Blackouts, earthquakes jolt Ilonggos

By: Alex P. Vidal

“When you wake up each morning, you can choose to be happy or choose to be sad. Unless some terrible catastrophe has occurred the night before, it is pretty much up to you. Tomorrow morning, when the sun shines through your window, choose to make it a happy day.” – Lynda Resnick

ILONGGOS in Panay, Negros and Guimaras in Western Visayas and Kidapawan City in Mindanao experienced massive power outages and earthquake, respectively, days before the All Saints Day.

A “grid disturbance” caused the scary twin blackouts on October 29 and October 30, according to the National Grid Corporation of the Philippines (NGCP).

Ilonggos normally don’t complain if there are power interruptions; they have been used to them.

But the recent blackouts were reportedly horrific as they affected consumers of the Panay Electric Company (PECO), Iloilo Electric Cooperatives (ILECO) I, II and III, Guimaras Electric Cooperative (GUIMELCO), Antique Electric Cooperative (ANTECO), Capiz Electric Cooperative (CAPELCO) and Aklan Electric Cooperation (AKELCO).

The earthquake, on the other hand, was reportedly recorded at Intensity VII in Tulunan, Cotabato; Kidapawan City; Bansalan, Davao del Sur and Intensity VI in Matanao, Davao del Sur.

Several people were killed in the strong Mindanao tremors.




A strong earthquake is one that registers between 6 and 6.0 on the Richter scale.

There are about 100 of these around the world every year and they usually cause some damage, it was reported.

In populated areas, the damage may be severe.

The Richter Scale is a measurement system developed in 1935 by Charles Richter to measure the size (or “magnitude”) of an earthquake.

This is in contrast with the Mercalli scale, which is used to measure the intensity of an earthquake.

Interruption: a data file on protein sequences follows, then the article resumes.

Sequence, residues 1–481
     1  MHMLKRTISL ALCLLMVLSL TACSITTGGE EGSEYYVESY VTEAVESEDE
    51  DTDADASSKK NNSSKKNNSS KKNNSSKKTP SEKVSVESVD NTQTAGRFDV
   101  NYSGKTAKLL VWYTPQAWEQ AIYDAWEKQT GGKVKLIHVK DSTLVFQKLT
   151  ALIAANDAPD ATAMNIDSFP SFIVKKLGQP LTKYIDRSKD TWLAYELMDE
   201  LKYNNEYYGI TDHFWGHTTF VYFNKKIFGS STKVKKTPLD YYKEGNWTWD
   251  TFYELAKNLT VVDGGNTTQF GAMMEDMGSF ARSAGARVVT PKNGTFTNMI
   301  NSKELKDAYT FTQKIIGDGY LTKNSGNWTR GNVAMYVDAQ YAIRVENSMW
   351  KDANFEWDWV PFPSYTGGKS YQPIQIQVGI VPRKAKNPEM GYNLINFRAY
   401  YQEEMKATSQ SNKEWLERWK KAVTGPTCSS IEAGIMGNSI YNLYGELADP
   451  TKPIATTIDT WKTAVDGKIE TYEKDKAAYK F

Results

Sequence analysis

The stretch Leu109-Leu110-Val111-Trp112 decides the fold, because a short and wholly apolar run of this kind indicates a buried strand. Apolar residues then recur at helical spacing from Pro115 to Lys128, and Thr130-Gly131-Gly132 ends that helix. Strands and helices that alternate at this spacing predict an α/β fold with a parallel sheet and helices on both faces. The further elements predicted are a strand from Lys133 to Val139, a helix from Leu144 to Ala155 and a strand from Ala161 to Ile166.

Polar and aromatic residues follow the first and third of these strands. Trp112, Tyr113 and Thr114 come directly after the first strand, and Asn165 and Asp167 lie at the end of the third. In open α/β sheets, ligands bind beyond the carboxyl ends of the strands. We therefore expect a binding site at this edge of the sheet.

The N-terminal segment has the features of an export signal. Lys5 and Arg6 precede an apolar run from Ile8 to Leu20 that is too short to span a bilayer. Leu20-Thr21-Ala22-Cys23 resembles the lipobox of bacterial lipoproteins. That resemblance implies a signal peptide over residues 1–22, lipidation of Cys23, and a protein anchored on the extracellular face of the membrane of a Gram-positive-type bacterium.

The Richter scale is logarithmic, meaning that whole-number jumps indicate a tenfold increase.

In this case, the increase is in wave amplitude.

That is, the wave amplitude in a level 6 earthquake is 10 times greater than in a level 5 earthquake, and the amplitude increases 100 times between a level 7 earthquake and a level 9 earthquake.




The amount of energy released reportedly increases 31.7 times between whole number values.

Geography students of average intelligence or lower often get the two mixed up.

The earthquake in Kidapawan, the second in Mindanao in one week, was reportedly between 6.0 and 6.9, so the Richter scale considers it to be “strong,” as opposed to the “major” (7.0-7.9) or “great” (8.0 or higher), but “strong” is still to be feared.

Science writers Tom Harris and Patrick J. Kiger said most earthquakes are extremely small. A majority of quakes register less than 3 on the Richter scale; these tremors, called microquakes, aren’t even felt by humans.

Only a tiny portion — 15 or so of the 1.4 million quakes that register above 2.0 — register at 7 or above, which the threshold for a quake being considered major.

The biggest quake in recorded history was reportedly the 9.5 quake that struck Chile in 1960.

It reportedly killed nearly 1,900 people and caused about $4 billion in damage in 2010 dollars.

Generally, we won’t see much damage from earthquakes that register below 4 on the Richter scale, explained Harris and Kiger.

(The author, who is now based in New York City, used to be the editor of two local dailies in Iloilo)